The element of care in older people is essential. We have to take care of an ageing population because they still have a right to be looked after and have support even as they advance into old age.
The instinctive reaction for many people is to put older adults into a care home, which is, of course, a specialised facility where they can get around the clock care without any problems at all. However, doing this can rob a person of emotional and mental well-being. We are going to be looking at keeping people in their homes so they can continue living with their pets.
A survey commissioned by The Live-in Care Hub discovered that shockingly, over two million people in the UK know an elderly person who had to have their cat or dog put to sleep, or be given away, when they moved into a residential or nursing home.
The study found that 20% of elderly people would put their health at risk by refusing to go into care without their pet and 17.4% would pretend they were fine so they didn’t have to go into a home and leave them.
Parting from much loved animals is one of the most distressing consequences of moving into residential care. If you have taken the time to bond with an animal, you can begin to understand why they bring such joy and comfort into our lives. The pets of older adults are particularly crucial for helping to keep them in the best possible health. Companionship, stimulation for their minds, and the chance for physical exercise every once in a while; Many benefits to having an animal that people don’t stop to think about. When you take a person into care, you’re depriving them of that contact with their pet.
This can be especially upsetting for people who bought a pet with the sole intention of carrying it forward into old-age with them as a companion.
A lack of mobility can be a real concern for all the people, particularly if they find that they become housebound in their old age. A pet can help to alleviate some of the crippling loneliness that they face every day because it’s not all the time that someone can come and visit.
Another proven benefit of having a pet when you’re an older person is that it helps to improve attentiveness and caring for oneself. A lot of people living by themselves at an advanced age will often neglect their care and attentiveness because they don’t see a point. When you have to look after and care for another living being, you’re more likely to then focus on yourself at the same time. It’s an essential tool for helping older people to maintain a sense of primary care because otherwise, they can pass on quicker, thanks to deterioration of health.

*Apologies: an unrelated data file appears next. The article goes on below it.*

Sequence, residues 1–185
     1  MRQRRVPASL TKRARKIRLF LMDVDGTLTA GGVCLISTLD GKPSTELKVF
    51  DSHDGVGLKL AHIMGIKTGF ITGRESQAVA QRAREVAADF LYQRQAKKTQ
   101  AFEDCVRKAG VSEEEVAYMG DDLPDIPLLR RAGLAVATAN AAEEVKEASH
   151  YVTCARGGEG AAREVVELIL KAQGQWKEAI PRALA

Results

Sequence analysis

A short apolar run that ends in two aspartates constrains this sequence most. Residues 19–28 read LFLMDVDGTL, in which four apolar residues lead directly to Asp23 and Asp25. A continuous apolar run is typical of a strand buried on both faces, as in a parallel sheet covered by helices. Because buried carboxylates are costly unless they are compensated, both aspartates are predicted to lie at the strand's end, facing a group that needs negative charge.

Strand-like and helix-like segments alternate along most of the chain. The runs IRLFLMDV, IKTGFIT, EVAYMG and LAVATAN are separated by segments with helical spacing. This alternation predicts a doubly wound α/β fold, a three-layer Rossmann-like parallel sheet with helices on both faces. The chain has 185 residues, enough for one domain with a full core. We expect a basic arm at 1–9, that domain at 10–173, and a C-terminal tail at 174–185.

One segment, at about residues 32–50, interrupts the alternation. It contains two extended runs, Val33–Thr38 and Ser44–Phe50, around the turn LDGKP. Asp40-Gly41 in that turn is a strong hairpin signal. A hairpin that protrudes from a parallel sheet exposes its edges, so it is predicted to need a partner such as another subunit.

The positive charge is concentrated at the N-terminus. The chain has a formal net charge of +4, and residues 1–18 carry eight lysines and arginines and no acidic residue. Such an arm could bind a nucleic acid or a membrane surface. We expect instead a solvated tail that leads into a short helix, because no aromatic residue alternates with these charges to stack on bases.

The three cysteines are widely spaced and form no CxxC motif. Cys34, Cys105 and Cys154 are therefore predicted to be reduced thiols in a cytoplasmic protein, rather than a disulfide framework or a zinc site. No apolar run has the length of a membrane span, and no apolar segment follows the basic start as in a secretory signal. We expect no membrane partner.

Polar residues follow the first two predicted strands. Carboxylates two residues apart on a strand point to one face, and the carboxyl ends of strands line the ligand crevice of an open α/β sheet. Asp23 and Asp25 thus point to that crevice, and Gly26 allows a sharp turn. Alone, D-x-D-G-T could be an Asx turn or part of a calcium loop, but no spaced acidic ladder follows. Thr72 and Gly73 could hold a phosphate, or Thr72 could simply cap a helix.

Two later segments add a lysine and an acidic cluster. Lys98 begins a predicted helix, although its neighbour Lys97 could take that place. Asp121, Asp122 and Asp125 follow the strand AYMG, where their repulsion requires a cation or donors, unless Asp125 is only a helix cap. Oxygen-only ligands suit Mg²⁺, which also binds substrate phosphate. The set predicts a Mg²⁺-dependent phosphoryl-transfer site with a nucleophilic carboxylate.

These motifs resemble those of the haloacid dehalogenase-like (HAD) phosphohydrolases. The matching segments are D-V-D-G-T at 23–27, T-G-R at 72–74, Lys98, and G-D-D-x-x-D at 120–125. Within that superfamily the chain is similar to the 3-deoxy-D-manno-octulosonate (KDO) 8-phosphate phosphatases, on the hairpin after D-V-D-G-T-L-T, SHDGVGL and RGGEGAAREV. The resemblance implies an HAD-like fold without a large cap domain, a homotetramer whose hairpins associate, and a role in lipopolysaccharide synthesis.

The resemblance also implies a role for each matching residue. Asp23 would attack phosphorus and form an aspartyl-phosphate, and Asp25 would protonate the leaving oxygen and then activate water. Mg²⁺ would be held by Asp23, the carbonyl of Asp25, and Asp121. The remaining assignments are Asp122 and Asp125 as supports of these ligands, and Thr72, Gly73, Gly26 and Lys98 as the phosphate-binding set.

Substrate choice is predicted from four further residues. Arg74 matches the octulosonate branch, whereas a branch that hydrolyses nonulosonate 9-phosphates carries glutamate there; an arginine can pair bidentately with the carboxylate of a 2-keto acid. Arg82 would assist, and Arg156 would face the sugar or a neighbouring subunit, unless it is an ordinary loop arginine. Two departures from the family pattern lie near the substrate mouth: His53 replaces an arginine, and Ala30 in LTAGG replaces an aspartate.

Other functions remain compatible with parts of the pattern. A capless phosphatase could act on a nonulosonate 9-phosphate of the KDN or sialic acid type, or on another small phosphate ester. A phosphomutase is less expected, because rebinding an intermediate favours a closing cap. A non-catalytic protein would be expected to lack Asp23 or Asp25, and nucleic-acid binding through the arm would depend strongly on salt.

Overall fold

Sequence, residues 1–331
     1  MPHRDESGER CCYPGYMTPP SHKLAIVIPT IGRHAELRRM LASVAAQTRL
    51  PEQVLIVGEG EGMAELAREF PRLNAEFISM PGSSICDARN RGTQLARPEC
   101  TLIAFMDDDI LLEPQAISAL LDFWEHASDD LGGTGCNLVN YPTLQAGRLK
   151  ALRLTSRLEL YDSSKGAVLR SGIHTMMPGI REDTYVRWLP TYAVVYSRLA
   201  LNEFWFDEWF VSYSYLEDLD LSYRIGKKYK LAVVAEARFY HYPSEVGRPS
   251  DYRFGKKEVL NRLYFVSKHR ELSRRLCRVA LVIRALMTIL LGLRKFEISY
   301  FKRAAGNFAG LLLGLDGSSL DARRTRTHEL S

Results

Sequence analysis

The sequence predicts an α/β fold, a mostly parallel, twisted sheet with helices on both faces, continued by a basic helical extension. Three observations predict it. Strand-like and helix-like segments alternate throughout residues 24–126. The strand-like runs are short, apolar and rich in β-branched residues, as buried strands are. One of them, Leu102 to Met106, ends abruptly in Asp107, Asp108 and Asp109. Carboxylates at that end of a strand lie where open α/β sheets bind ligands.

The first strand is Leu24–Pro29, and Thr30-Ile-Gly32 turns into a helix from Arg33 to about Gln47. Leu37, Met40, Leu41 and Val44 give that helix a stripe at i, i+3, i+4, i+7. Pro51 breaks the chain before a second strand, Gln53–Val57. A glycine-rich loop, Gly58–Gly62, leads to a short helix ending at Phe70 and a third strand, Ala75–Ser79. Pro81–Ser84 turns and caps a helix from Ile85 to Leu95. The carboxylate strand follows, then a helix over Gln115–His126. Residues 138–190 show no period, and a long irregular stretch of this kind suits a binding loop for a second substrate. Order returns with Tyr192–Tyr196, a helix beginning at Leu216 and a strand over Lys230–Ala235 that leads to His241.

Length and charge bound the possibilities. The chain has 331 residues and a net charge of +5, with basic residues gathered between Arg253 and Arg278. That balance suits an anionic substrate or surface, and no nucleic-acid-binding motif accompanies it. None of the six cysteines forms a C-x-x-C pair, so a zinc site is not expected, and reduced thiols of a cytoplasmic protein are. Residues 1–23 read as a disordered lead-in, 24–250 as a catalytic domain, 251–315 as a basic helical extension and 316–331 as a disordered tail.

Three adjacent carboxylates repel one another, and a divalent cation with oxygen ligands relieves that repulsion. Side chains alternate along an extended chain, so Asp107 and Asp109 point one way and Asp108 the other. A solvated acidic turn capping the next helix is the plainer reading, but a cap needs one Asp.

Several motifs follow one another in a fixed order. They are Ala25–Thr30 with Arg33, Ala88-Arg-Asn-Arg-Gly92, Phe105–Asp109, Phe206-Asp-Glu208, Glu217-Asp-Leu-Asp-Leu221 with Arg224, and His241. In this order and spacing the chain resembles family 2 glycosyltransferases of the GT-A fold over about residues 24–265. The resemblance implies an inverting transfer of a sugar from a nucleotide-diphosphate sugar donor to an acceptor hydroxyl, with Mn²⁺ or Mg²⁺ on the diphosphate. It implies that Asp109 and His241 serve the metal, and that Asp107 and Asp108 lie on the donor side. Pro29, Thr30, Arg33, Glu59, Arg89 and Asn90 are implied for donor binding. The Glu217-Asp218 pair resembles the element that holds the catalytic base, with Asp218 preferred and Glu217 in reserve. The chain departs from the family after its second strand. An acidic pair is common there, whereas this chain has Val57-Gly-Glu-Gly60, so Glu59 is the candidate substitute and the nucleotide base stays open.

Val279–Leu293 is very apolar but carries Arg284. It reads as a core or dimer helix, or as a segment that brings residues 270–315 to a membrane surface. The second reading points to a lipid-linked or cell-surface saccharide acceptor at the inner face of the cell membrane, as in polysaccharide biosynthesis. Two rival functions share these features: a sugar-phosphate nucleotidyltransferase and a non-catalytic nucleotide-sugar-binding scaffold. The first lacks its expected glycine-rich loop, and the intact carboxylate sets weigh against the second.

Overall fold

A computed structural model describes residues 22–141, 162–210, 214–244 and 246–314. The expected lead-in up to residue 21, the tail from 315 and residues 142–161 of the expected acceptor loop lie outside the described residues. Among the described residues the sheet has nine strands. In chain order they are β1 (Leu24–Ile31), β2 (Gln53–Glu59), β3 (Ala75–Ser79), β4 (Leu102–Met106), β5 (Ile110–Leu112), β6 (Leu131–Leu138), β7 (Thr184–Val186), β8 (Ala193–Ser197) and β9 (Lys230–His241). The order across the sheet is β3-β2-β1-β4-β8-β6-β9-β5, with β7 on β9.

There are a lot of reasons why a person should consider getting a pet for their old age, and why people who are older and have pets should be allowed to live in their own homes as long as possible. Incredible benefits the animal can bring to our lives are only increased tenfold when dealing with an older member of the community, caring for a pet helps a person to maintain a sense of positive self worth and overall health.
Having a companion that can be with them every day without any problems at all means that they’ll be more likely to enjoy a long and healthy life. It’s when we take someone away from their home and their pet we run the risk of them having a sense of not wanting to go on, because you’ve taken away things which are critical to their health and well-being.
Live-in care honours dignity and independence. It offers the least restrictive environment for people as they age, with none of the rules associated with institutionalised care. It provides great peace-of-mind to be in familiar surroundings, with treasured possessions, beloved pets, with friends close by, and receiving tailored, professional care.